1 Ballet of the Dolls' "Cinderella" is a must-see for those who prefer their holiday cheer spiked with a bit of goth. Choreographer Myron Johnson takes inspiration from cartoonist Charles Addams (of "The Addams Family" fame) to create his own darkly witty take on the familiar story. Stephanie Fellner infuses the title role with sweetness, longing and dignity. The light touch of her dancing balances a sense of dreaminess against heartache. www.ritzdolls.com
2 The editors of Life magazine celebrate "50 Years of James Bond" with many previously unpublished photos, two-page summaries of every Bond film, a chapter on the sacrilegious 1954 CBS TV presentation of "Casino Royale," crisp biographies of the Bond actors and an inflation-adjusted tally of each film's box-office take. Bond believers will be stirred, not shaken, by this handsome coffeetable book.
3 Although the New Standards have been playing many of these selections live for quite some time, there are plenty of reasons to get excited about the Twin Cities trio's "Sunday Morning Coming Down." It's another collection of left-field lounge-jazz interpretations of well-known songs. How about the Beatles' "And I Love Her" as sort of bossa nova minimalism with a classical piano bridge? Or a deliciously seductive take with strings on Lucinda Williams' "Essence"? Or Chan Poling sounding like Leonard Cohen on Kris Kristofferson's title track? A most imaginative trio.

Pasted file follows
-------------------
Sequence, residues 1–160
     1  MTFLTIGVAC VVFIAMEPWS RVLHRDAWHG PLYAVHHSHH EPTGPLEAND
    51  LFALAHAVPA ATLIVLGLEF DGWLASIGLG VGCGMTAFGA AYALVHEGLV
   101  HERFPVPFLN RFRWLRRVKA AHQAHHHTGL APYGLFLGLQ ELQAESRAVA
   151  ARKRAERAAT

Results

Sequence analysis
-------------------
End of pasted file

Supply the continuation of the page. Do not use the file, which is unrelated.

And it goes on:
4It's a long wait until January, when the third season of "Downton Abbey" starts on PBS. "The Chronicles of Downton Abbey: A New Era," a companion to the upcoming season, can tide you over. In addition to gorgeous color photos from the set (with all those fabulous clothes on great display), it provides a few plot clues. Jessica Fellowes (niece of producer Julian) and her co-author, Matthew Sturgis, take us character by character, mixing story with history. A great page turner -- while wearing white gloves, of course, darling.
5 The spellbinding "A Behanding in Spokane" is like something out of a David Lynch dream. On the surface, this one-act drama at Gremlin Theatre should be offensive. It is packed with toxic language, and the cast is all misfits and weirdos. But it disarms our objections with wit and charm. The plot centers on a one-handed bigot who spits a stream of racist, sexist and homophobic slurs. He is looking for his hand, which he claims was severed 27 years ago when he was held down by mean kids. It's a tale of dark quirkiness. www.gremlin-theatre.org